From the moment we saw our first aero road bike we knew we were in love. A bike that was almost as fast as a true time trial bike, but able to be used for group rides spoke to our pragmatic side. Buy one bike – but essentially get two was music to our ears. But the first generation of bikes was more compromise than utopia. Not nearly as fast as a TT bike and not stiff enough to be a serious road bike. But with advances in aerodynamics and carbon construction the generations that followed continued to get closer and closer to that promise. And the latest bikes have become the true best of both world bikes we have hoped for… except for one item. As aero road bikes have moved to aero drop bars – clip on aerobars have become a challenge. And also, some place innovation has been waiting for. Meet the Trek Madone Speed – a best of both worlds aero road bike that features the aerobars straight off of the Trek Speed Concept.
The Trek Madone Speed
The Trek Madone Speed starts with the new 2019 Trek Madone Disc. The 2019 Madone featured a new albeit more traditional, yet still proprietary bar and stem system. This new set up offers 40 possible configurations versus the 26 possible configurations when considering the H1/H2 frames. Riders also get the added benefit of +/-5 degrees of bar roll to allow deeper fit refinement. The -7deg stems offer the industry standard set up and the -14deg stems are intended to allow current Madone H1 riders to match their same fit as well as offer more flexibility to new consumers. Stems are offered in 90mm to 130mm lengths in both -7° and -14° angles. The bar receives one additional width size and is offered in Variable Radius Compact Flare (VRCF) fit in widths from 38cm to 44cm. With these expanded options, changing fit is now easier and more affordable.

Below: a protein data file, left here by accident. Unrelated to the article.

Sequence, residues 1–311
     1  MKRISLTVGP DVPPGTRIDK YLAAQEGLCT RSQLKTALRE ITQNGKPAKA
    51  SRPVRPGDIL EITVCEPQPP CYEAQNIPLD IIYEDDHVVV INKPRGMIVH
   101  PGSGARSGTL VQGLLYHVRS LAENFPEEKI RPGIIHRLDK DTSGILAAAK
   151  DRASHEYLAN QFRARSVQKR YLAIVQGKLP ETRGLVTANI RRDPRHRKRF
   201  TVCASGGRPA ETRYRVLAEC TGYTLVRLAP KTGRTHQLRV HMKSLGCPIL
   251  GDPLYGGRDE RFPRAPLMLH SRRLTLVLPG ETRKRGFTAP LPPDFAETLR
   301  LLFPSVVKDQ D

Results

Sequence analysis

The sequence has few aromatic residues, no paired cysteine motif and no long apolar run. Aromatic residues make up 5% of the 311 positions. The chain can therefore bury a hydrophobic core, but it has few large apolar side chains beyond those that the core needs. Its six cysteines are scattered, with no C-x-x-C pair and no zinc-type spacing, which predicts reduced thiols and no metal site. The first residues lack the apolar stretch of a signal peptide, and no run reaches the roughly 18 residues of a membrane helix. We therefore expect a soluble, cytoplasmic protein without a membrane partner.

To that system, the Speed adds a new stem faceplate that simplifies the process of adding and removing aero bars. The included Speed Concept Mono Bar Extension is held to the stem faceplate with a pair of bolts,and adding and removing the aero extensions takes as little as thirty seconds.
“Madone Speed has all the award-winning speed and handling ofMadone SLR—plus the added benefit of a lot more versatility,” said Trek’s Director of Road Product Jordan Roessingh. “You can train with a group without the bars, then throw them on for race day. It’s the smartest option for most people doing triathlon or time trials today.”
Being that it is based on the 2019 Madone you get the same frame as all Madone SLR models. It’s made with Trek’s lightest 700 Series OCLV Carbon and features Adjustable Top Tube IsoSpeed, which allows riders to tune the frame’s compliance to their preference. For those not familiar with how this is done – lets recap.